The Ofer military base is not an easy place to get into. But after most of my friends and the father of the family I was living with, Mohammed Khatib (also a leading member of the Bilin Popular Committee) were arrested in a brutal night raid on the occupied West Bank village of Bilin, I was determined to go to their court hearing.
Unfortunately, the taxi driver dropped me off at the wrong entrance. Four menacing Israeli soldiers faced me, and they did not look pleased at my presence.
“What are you doing here?” they demanded, “Don’t you know that no one is allowed here?!”
“No,” I replied, “I’m just here for a friend’s court case.”
“No you can’t, you must leave, go home now!”
Fortunately, one of the soldiers unwittingly pointed me in the direction of the court, before reasserting, “but you can’t go there.” Nevertheless, I was not intending to follow his orders.
Sitting outside were the families of all seven men on trial — although the term “men” would be misleading; five of the seven were aged 18 or younger. Also waiting to enter were a small group of international volunteers, hoping to observe the trial. But as usual with Israel’s so-called “democracy,” they would not be permitted to do so. Luckily for myself, I arrived at the same time as Lamia Khatib, Mohammed’s wife, and her insistence that I was a member of the family secured my entrance.
Once inside, I felt like I was at the heart of apartheid. We sat out all day in a Shawshank Redemption-esque yard, feeling jailed ourselves, with the unbearable heat beating down on our heads. As I sat on the concrete floor, staring at the youthful soldiers patrolling the cage we sat in, I couldn’t help but contemplate the occupation. When will the injustice stop? How can this be overcome?
At that moment, I could see it all around me. Right down to the Palestinians working for peanuts to repair the building behind us — cheap Palestinian labor is hugely exploited inside the green line, the internationally-recognized boundary between Israel and the West Bank, while the workers are treated as third-class citizens in their own homeland.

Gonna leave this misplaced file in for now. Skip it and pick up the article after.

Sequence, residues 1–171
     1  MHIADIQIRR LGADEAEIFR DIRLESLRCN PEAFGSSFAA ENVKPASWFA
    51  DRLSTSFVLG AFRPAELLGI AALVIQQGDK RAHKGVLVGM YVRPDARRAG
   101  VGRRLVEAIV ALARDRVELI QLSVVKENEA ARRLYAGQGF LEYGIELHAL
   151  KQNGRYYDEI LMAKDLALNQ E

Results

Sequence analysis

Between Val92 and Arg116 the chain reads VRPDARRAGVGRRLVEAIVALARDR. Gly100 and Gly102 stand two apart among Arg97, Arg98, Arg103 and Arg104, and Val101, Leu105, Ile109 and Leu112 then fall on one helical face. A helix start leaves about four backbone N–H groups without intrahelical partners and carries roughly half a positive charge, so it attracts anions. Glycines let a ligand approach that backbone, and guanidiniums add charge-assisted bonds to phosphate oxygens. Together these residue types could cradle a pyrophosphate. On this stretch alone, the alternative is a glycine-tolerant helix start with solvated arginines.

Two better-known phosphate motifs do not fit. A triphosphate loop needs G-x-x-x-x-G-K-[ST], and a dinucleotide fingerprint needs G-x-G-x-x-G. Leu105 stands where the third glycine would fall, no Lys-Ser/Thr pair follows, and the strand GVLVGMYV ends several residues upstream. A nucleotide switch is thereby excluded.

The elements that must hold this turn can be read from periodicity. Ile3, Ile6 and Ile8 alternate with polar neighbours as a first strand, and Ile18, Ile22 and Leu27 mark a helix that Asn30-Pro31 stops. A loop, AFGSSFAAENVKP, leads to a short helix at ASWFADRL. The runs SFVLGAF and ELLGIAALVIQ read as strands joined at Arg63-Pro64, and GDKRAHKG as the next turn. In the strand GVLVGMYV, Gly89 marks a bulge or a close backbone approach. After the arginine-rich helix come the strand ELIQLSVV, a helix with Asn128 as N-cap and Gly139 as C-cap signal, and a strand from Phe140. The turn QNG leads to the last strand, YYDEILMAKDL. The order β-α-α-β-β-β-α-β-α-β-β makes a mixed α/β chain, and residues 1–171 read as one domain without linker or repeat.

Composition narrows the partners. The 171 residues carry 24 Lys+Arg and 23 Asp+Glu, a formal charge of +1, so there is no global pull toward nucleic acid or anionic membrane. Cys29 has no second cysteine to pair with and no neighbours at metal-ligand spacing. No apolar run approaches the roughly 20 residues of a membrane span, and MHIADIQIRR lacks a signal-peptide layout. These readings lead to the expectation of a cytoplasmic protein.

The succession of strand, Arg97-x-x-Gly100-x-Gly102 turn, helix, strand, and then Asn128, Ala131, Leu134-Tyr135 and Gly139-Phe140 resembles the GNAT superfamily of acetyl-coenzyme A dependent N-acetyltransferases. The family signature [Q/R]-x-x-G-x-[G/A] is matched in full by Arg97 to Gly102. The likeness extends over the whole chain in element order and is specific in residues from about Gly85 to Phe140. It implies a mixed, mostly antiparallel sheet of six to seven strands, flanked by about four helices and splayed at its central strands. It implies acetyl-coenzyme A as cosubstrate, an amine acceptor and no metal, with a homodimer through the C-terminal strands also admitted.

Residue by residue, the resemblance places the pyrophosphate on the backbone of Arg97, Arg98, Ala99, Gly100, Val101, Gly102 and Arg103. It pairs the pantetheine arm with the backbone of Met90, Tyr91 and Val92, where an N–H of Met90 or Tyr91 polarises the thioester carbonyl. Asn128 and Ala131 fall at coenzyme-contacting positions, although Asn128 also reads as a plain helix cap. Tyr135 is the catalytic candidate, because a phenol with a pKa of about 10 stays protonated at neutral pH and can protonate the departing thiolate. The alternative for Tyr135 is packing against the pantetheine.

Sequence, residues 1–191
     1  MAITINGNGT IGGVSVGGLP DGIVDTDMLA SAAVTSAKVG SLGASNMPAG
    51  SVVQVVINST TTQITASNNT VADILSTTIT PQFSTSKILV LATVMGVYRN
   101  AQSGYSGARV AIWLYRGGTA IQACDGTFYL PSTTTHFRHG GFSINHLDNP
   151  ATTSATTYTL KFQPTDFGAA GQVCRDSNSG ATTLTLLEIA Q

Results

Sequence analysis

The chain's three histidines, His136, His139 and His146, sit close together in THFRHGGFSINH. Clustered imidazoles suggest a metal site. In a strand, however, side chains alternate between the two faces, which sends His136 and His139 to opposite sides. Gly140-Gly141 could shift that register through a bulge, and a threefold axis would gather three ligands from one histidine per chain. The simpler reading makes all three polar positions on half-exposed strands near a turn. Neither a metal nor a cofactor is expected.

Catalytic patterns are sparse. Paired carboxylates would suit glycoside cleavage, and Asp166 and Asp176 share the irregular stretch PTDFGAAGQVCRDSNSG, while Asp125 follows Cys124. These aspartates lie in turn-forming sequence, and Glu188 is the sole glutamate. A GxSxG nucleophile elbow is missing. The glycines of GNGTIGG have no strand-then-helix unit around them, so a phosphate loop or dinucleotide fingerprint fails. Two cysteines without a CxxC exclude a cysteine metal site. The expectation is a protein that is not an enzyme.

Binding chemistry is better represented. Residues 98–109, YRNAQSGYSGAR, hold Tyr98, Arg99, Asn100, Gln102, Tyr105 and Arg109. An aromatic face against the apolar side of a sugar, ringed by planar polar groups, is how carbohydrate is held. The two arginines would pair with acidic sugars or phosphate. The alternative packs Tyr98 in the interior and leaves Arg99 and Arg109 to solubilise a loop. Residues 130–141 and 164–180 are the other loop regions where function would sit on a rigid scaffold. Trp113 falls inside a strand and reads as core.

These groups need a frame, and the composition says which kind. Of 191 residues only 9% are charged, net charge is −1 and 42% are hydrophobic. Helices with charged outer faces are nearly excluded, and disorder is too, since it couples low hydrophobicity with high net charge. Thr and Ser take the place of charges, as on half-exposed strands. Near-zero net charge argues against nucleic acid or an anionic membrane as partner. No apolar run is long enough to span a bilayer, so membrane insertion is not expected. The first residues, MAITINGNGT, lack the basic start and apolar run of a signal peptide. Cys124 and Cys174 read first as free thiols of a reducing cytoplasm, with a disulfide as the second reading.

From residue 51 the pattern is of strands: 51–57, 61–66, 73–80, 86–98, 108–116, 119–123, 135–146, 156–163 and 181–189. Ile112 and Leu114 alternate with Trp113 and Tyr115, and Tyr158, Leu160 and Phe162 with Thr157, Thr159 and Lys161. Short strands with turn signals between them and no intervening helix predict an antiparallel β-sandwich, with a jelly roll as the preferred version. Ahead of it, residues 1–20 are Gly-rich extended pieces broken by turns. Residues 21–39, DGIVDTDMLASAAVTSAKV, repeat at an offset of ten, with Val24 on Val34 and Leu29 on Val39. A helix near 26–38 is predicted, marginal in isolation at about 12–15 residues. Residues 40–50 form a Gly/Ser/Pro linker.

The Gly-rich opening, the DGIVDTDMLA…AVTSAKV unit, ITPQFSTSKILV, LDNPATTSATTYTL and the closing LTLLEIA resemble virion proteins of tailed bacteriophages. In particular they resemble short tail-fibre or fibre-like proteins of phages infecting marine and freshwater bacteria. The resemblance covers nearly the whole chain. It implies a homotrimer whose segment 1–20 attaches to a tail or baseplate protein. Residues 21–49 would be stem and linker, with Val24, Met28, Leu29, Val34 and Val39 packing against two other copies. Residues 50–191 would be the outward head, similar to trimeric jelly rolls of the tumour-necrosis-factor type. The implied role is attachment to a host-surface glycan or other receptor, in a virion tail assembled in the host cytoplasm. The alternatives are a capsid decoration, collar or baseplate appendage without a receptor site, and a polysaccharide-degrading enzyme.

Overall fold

We were finally called for the hearing at around 3:30pm, even though it was due to start at 9:30am. In the court, the system of apartheid was even clearer. Despite the guards demanding the shackled teenagers not communicate with visitors, 18-year-old Mustafa couldn’t help but to shout out “HALA JODY!” when he saw my face. It was difficult seeing my adoptive family in brown uniforms, knowing they wouldn’t be freed in this sham of a trial.
The evidence presented against the defendants is known as “secret evidence,” meaning only the prosecution and the judge can see it, and hence no defense can be put forward. The whole process is conducted in Hebrew, a language most Palestinians don’t understand. Translation is kindly provided by a young Israeli soldier — yet another bitter irony considering the overwhelming force used to drag the boys from their homes in the dark of the night.
By the end of the day, there was no conclusion. No one was released.
Of course, the imprisonment of all the boys from Bilin is completely unjustified. After all, they are arrested for their participation in demonstrations against the wall, which defies not only international law, but also, in the case of Bilin, an Israeli high court order!